It’s clear that European policymakers are bumbling around, mainly because they don’t want to do the only steps that would actually work to end the crisis. Martin Feldstein, the conservative economist, basically gets this right in an op-ed today. It’s not a debt crisis, it’s a banking crisis. And in a larger sense, it’s a euro crisis. “The euro itself is a machine for perpetual destruction,” as Ambrose Evans-Pritchard writes.

So you can excuse me for thinking that nothing good will come of this entire sorry spectacle. However, that may be the wrong analysis, if this financial transaction tax comes off.

The European Union proposed a financial-transactions tax that would take effect in 2014 and raise about 57 billion euros ($78 billion) a year, prompting renewed opposition from the U.K.

The proposal would apply a tax of 0.1 percent on trading of stocks and bonds, with a 0.01 percent rate for derivatives contracts, the European Commission, the EU executive, said today in Brussels. Those minimum rates would apply throughout the 27- nation bloc. The measure would deliver “a fair contribution from the financial sector,” EU Tax Commissioner Algirdas Semeta said.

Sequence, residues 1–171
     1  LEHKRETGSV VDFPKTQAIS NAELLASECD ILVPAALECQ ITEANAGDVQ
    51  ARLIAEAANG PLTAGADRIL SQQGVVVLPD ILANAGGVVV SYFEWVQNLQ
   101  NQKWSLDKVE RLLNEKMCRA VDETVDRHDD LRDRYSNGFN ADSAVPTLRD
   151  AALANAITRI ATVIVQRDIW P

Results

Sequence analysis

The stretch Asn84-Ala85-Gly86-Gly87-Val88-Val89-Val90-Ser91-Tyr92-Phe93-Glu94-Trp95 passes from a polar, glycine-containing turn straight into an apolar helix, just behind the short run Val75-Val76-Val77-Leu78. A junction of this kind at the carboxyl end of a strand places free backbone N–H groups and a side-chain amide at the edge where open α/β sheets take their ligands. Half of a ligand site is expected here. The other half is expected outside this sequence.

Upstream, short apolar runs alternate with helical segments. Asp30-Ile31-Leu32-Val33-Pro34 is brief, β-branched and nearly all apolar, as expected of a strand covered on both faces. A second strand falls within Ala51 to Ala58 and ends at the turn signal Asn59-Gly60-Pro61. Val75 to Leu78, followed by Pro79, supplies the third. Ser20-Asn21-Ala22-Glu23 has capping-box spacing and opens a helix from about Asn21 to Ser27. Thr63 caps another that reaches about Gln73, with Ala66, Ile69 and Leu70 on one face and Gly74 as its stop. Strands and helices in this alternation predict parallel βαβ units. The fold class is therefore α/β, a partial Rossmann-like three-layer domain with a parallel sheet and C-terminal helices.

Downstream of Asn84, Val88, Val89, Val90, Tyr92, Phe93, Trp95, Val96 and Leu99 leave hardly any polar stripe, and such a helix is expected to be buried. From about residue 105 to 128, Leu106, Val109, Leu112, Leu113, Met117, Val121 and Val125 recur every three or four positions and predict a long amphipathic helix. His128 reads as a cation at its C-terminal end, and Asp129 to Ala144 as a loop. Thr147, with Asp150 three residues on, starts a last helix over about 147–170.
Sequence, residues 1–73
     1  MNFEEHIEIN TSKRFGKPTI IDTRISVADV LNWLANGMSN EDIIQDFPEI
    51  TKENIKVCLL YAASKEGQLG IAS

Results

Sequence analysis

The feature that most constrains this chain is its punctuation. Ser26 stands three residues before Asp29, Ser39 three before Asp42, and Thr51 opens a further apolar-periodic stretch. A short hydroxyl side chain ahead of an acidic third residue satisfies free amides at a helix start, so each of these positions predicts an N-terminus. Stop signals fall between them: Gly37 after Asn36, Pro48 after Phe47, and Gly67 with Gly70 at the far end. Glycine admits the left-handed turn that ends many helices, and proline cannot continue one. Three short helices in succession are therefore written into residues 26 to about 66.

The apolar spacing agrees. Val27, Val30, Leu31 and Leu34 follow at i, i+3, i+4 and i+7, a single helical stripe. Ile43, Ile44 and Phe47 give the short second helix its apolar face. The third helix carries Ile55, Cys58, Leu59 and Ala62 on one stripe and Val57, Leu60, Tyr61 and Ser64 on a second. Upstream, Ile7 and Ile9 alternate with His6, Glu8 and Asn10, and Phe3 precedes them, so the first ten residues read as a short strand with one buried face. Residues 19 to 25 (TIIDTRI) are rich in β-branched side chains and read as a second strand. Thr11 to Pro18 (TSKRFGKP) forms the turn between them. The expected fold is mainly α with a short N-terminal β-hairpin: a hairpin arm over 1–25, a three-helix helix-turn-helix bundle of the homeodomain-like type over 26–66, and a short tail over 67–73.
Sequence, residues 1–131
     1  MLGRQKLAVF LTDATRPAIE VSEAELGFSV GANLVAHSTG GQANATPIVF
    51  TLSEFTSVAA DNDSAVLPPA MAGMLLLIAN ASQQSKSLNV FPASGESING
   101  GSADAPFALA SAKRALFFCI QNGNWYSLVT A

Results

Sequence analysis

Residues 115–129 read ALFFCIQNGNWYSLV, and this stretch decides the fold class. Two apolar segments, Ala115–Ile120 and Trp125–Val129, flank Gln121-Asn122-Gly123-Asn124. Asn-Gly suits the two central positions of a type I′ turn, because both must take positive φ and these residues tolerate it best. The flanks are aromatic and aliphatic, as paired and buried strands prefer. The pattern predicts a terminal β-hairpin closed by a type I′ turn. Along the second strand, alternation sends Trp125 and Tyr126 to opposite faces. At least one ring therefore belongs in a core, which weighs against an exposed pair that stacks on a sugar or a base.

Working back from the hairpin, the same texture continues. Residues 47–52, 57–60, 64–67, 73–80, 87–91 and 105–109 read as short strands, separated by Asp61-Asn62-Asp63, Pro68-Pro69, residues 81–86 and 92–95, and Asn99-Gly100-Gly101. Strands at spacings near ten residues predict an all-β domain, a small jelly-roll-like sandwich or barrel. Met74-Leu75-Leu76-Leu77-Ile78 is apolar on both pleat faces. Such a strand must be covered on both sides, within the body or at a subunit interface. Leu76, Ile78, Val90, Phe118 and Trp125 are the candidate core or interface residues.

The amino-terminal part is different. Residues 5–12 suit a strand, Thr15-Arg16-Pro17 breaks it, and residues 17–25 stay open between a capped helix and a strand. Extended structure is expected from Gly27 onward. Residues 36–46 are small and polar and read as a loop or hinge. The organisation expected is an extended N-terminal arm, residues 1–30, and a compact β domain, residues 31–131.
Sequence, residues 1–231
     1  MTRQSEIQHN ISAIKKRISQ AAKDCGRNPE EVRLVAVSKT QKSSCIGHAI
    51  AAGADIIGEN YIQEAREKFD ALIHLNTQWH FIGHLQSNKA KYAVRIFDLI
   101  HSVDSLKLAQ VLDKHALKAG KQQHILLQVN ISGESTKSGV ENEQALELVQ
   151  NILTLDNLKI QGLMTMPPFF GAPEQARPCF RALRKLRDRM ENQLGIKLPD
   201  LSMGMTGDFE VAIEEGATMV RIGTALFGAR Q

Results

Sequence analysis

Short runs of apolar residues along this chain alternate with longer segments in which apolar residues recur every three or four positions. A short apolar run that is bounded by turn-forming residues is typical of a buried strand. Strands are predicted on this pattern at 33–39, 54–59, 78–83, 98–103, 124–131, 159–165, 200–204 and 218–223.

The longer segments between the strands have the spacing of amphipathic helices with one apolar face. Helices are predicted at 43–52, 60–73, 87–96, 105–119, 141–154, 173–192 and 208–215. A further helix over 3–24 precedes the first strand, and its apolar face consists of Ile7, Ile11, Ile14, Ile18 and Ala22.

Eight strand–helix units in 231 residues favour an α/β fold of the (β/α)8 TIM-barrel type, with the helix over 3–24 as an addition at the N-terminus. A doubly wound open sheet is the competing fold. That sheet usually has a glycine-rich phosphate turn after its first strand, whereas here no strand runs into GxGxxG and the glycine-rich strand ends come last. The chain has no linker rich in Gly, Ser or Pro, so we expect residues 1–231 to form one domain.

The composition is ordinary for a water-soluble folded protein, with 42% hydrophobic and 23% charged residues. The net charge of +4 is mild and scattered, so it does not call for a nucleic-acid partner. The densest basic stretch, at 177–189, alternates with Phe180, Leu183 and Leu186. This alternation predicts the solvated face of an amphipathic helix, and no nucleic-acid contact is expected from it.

European governments are split over the merits of a transactions tax, while British banks warn that an EU-only measure would drive business to other regions. The U.K., home to Europe’s biggest financial center, has opposed the move, which requires the unanimous support of all EU countries. The U.K. Treasury reiterated today that such a levy would need to apply globally.

The funny thing is the UK already has a tax, known as the Stamp Duty Reserve Tax, that places a 0.1% tax on stocks and bonds, just like the EU proposal. And they have that because it’s a great way to raise revenue while discouraging high-frequency trading, which is unnecessarily risky.

Britain raised the same fear that every country with a large financial sector raises on the FTT, that business will move to other financial centers and that the tax must be global. An EU enactment, of course, would make a global tax more likely. It would be harder for the US to stop the movement toward an FTT if the financial sector cannot say that their traders will move to Europe to avoid the tax.

Of course, Tim Geithner doesn’t like this idea. He talks of “frictions” that an FTT would create. But this is nonsense. It’s a micro-tax that would raise lots of money off investments where the people involved won’t even notice. Households and small businesses would even be protected from the tax, as brokers would be unable to charge “excessive fees” on trades to make up for the FTT.

The EU executive board approved the tax today, and the global public health sector strongly supported the move. And since France and Germany support the idea, I would think that the eurozone will enact it if they get further resistance from the UK.

Again, I’d be shocked if anything good came out of the European mess. But this is promising.